# Synchrotron Sources

Minimum Energy and Equipartition

The existence of a synchrotron source implies the presence of relativistic electrons with some energy density $U_{\rm e}$ and a magnetic field whose energy density is $U_{\rm B} = B^2 / (8 \pi)$.  What is the minimum energy in relativistic particles and magnetic fields required to produce a synchrotron source of a given luminosity?

To estimate $U_{\rm e}$, we assume a power-law electron energy distribution
$$N(E) \approx K E^{-\delta}$$ spanning the energy range $E_{\rm min}$ to $E_{\rm max}$ that is needed to produce synchrotron radiation over any frequency range $\nu_{\rm min}$ to $\nu_{\rm max}$. Then $$U_{\rm e} = \int_{E_{\rm min}}^{E_{\rm max}} E N(E)\, d E$$ For a given synchrotron luminosity
$$L = \int_{\nu_{\rm min}}^{\nu_{\rm max}} L_\nu d \nu ,$$ $${U_{\rm e} \over L} \propto { \int_{E_{\rm min}}^{E_{\rm max}} E N(E)\, dE \over -\int_{E_{\rm min}}^{E_{\rm max}} (dE/dt) N(E)\, dE}$$ Substituting $N(E) = K E^{-\delta}$ and the synchrotron power emitted per electron $(-dE/dt) \propto B^2 E^2$ gives
$${U_{\rm e} \over L} \propto { K \int_{E_{\rm min}}^{E_{\rm max}} E^{1 - \delta} \, dE \over K B^2 \int_{E_{\rm min}}^{E_{\rm max}} E^{2-\delta} \, dE}$$ $${U_{\rm e} \over L} \propto {E^{2 - \delta} \vert_{E_{\min}}^{E_{\rm max}} \over B^2 E^{3 - \delta} \vert_{E_{\rm min}}^{E_{\rm max}} }$$

Since electrons with energy $E$ emit most of the radiation seen at frequency $\nu \propto E^2 B$, the electron energy needed to produce radiation at frequency $\nu$ scales as
$$E \propto B^{-1/2}$$ If we consider the energy content of only those electrons that emit in a fixed frequency range (e.g., from $\nu_{\rm min} \sim 10^7$ Hz to $\nu_{\rm max} \sim 10^{11}$ Hz), then the energy limits $E_{\rm min}$ and $E_{\rm max}$ are both proportional to $B^{-1/2}$ and
$${U_{\rm e} \over L } \propto { (B^{-1/2})^{2 - \delta} \over B^2 (B^{-1/2})^{3 - \delta} } = {B^{-1 + \delta/2} \over B^2 B^{-3/2 + \delta/2}} = B^{-3/2}$$ We conclude that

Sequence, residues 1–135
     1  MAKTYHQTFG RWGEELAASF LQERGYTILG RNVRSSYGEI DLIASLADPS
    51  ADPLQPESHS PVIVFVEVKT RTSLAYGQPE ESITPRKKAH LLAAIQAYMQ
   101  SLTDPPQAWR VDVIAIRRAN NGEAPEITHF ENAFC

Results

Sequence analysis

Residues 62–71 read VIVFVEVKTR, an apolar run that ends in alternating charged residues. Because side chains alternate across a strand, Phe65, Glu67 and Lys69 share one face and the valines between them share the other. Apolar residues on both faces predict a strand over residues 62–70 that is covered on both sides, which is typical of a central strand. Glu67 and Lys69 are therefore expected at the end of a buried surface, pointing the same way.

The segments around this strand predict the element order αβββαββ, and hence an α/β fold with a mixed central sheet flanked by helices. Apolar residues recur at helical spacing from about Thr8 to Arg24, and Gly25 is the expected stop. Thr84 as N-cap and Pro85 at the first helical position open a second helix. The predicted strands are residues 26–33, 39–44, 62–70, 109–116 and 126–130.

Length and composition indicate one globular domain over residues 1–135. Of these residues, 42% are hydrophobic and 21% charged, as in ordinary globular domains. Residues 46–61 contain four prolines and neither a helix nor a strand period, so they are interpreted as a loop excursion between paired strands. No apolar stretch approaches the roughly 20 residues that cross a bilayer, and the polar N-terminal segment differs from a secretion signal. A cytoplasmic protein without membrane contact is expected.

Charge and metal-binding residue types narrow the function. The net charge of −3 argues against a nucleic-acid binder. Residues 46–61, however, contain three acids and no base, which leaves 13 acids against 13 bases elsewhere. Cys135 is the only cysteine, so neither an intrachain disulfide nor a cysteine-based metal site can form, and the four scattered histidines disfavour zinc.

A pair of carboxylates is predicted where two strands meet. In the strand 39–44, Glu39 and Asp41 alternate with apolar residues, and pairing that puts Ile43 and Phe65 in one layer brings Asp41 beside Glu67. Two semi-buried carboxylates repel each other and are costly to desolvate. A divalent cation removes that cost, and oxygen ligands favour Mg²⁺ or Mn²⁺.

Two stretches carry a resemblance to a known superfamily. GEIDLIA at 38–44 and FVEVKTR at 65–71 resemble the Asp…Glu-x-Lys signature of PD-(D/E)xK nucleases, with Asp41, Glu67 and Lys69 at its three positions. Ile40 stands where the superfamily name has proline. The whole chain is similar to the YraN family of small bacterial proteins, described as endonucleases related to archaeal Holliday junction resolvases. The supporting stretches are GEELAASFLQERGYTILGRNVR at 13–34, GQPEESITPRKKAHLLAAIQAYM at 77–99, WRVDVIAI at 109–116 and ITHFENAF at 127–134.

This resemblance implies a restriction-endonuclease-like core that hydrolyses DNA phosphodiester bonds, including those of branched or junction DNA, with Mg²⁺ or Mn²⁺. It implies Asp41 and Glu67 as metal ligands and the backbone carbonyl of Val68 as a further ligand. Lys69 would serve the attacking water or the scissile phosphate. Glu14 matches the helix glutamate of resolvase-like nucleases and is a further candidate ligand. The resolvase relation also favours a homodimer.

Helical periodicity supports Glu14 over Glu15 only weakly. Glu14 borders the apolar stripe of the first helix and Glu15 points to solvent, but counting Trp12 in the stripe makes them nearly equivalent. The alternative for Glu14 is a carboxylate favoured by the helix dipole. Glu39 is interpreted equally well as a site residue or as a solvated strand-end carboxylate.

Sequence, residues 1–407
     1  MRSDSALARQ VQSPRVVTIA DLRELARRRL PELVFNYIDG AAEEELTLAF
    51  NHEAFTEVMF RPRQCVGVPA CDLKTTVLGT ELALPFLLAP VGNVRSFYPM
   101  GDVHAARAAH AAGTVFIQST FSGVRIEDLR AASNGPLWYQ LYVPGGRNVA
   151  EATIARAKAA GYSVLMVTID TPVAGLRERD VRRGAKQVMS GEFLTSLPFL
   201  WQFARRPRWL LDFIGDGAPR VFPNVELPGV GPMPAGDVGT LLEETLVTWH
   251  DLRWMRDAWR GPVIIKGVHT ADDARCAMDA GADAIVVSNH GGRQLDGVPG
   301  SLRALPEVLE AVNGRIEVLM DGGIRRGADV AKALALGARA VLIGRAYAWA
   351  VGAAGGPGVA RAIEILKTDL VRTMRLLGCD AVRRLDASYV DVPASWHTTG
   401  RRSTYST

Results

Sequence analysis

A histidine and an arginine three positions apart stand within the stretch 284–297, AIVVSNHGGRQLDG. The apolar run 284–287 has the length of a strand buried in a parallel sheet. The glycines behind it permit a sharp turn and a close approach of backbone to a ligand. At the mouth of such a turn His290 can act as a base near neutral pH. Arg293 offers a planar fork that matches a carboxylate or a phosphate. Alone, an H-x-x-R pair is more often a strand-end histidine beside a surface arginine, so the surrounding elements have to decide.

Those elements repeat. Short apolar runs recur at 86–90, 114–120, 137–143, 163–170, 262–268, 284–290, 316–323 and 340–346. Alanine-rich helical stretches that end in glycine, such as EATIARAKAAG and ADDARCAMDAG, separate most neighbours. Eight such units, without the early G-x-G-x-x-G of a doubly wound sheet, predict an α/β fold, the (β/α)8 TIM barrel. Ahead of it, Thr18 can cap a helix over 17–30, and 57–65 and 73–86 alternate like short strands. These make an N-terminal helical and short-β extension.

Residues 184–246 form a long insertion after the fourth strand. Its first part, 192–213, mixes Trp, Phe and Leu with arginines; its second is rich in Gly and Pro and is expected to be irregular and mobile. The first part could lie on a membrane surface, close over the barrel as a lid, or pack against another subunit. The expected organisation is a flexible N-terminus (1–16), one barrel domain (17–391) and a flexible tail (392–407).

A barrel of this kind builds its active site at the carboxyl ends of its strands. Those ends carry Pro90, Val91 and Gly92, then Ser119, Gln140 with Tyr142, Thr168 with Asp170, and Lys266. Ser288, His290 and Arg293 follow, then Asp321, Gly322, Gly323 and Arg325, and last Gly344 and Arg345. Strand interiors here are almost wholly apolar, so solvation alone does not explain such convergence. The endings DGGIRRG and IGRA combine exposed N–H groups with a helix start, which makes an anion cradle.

$$\bbox[border:3px blue solid,7pt]{U_{\rm e} \propto B^{-3/2}}\rlap{\quad \rm {(5D1)}}$$
and we already know that $$U_{\rm B} \propto B^2~.$$

The "invisible" cosmic-ray protons and heavier ions emit negligible synchrotron power but they still contribute to the total cosmic-ray particle energy. If we call the ion/electron energy ratio $\eta$, then the total energy density in cosmic rays is $(1 + \eta) U_{\rm e}$.  The total energy density $U$ of both cosmic rays and magnetic fields is
$$\bbox[border:3px blue solid,7pt]{U = (1 + \eta) U_{\rm e} + U_{\rm B}}\rlap{\quad \rm {(5D2)}}$$
We cannot measure $\eta$ directly in distant radio sources, but cosmic rays collected near the Earth have $\eta \approx 40$.

The greatly differing dependences of $U_{\rm e}$ and $U_{\rm B}$ on $B$ means that the total (cosmic ray plus magnetic) energy density $U(B)$ has a fairly sharp minimum near the point at which $(1 + \eta) U_{\rm e} \approx U_{\rm B}$.

For a source of a given synchrotron luminosity, the particle energy density $U_{\rm E} \equiv (1 + \eta)U_{\rm e}$ is proportional to $B^{-3/2}$ and the magnetic energy density $U_{\rm B}$ is proportional to $B^2$.  The total energy density $U = U_{\rm E} + U_{\rm B}$ has a fairly sharp minimum near equipartition of the particle and magnetic energy densities ($U_{\rm E} \approx U_{\rm B}$).

The minimum of the total energy density $U$ occurs at
$${d U \over d B} = {d [(1 + \eta) U_{\rm e} + U_{\rm B}] \over d B} = 0$$ First we evaluate the derivative of the electron energy density $U_{\rm e} \propto B^{-3/2}$.
$${d U_{\rm e} \over d B} \cdot U_{\rm e}^{-1} = -\biggl( {3 \over 2} \biggr) B^{-5/2} B^{3 / 2} = -{3 \over 2 B}$$ so
$${dU_{\rm e} \over d B} = - {3 U_{\rm e} \over 2 B}$$ Next we evaluate the derivative of the magnetic-field energy density $U_{\rm B} \propto B^2$.
$${d U_{\rm B} \over d B} \cdot U_{\rm B}^{-1} = { 2 B \over B^2 } = {2 \over B}$$ so
$${dU_{\rm B} \over d B} = { 2 U_{\rm B} \over B}$$ Inserting these results into the minimum-energy equation gives
$${d [(1 + \eta) U_{\rm e}] \over d B} + {d U_{\rm B} \over d B} = 0 = -{ 3 (1 + \eta) U_{\rm e} \over 2 B} + {2 U_{\rm B} \over B}$$

At minimum energy, the ratio of cosmic-ray particle energy to field energy is